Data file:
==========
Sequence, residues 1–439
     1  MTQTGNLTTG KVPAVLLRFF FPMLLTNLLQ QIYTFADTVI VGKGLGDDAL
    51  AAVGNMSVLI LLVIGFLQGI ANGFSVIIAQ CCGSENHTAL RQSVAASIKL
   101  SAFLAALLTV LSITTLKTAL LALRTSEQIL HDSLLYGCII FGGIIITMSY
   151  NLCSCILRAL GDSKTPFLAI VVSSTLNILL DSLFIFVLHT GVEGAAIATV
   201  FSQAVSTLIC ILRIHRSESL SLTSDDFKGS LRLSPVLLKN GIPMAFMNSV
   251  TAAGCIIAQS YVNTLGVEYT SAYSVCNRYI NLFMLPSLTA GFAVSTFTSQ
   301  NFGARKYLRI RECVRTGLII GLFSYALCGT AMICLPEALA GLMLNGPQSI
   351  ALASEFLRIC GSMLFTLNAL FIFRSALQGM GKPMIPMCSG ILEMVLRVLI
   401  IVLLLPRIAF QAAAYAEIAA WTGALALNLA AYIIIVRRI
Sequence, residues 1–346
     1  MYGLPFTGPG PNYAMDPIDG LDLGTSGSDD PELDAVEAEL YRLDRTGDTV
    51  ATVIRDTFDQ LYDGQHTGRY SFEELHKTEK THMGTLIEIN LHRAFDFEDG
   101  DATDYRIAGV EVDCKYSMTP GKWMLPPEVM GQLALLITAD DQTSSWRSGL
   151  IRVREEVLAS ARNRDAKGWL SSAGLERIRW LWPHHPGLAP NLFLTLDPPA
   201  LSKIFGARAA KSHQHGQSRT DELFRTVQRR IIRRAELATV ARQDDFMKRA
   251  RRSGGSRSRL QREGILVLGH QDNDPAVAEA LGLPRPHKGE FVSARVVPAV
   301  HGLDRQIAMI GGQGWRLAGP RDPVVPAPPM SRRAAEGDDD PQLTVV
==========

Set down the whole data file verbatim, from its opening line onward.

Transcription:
Sequence, residues 1–439
     1  MTQTGNLTTG KVPAVLLRFF FPMLLTNLLQ QIYTFADTVI VGKGLGDDAL
    51  AAVGNMSVLI LLVIGFLQGI ANGFSVIIAQ CCGSENHTAL RQSVAASIKL
   101  SAFLAALLTV LSITTLKTAL LALRTSEQIL HDSLLYGCII FGGIIITMSY
   151  NLCSCILRAL GDSKTPFLAI VVSSTLNILL DSLFIFVLHT GVEGAAIATV
   201  FSQAVSTLIC ILRIHRSESL SLTSDDFKGS LRLSPVLLKN GIPMAFMNSV
   251  TAAGCIIAQS YVNTLGVEYT SAYSVCNRYI NLFMLPSLTA GFAVSTFTSQ
   301  NFGARKYLRI RECVRTGLII GLFSYALCGT AMICLPEALA GLMLNGPQSI
   351  ALASEFLRIC GSMLFTLNAL FIFRSALQGM GKPMIPMCSG ILEMVLRVLI
   401  IVLLLPRIAF QAAAYAEIAA WTGALALNLA AYIIIVRRI
Sequence, residues 1–346
     1  MYGLPFTGPG PNYAMDPIDG LDLGTSGSDD PELDAVEAEL YRLDRTGDTV
    51  ATVIRDTFDQ LYDGQHTGRY SFEELHKTEK THMGTLIEIN LHRAFDFEDG
   101  DATDYRIAGV EVDCKYSMTP GKWMLPPEVM GQLALLITAD DQTSSWRSGL
   151  IRVREEVLAS ARNRDAKGWL SSAGLERIRW LWPHHPGLAP NLFLTLDPPA
   201  LSKIFGARAA KSHQHGQSRT DELFRTVQRR IIRRAELATV ARQDDFMKRA
   251  RRSGGSRSRL QREGILVLGH QDNDPAVAEA LGLPRPHKGE FVSARVVPAV
   301  HGLDRQIAMI GGQGWRLAGP RDPVVPAPPM SRRAAEGDDD PQLTVV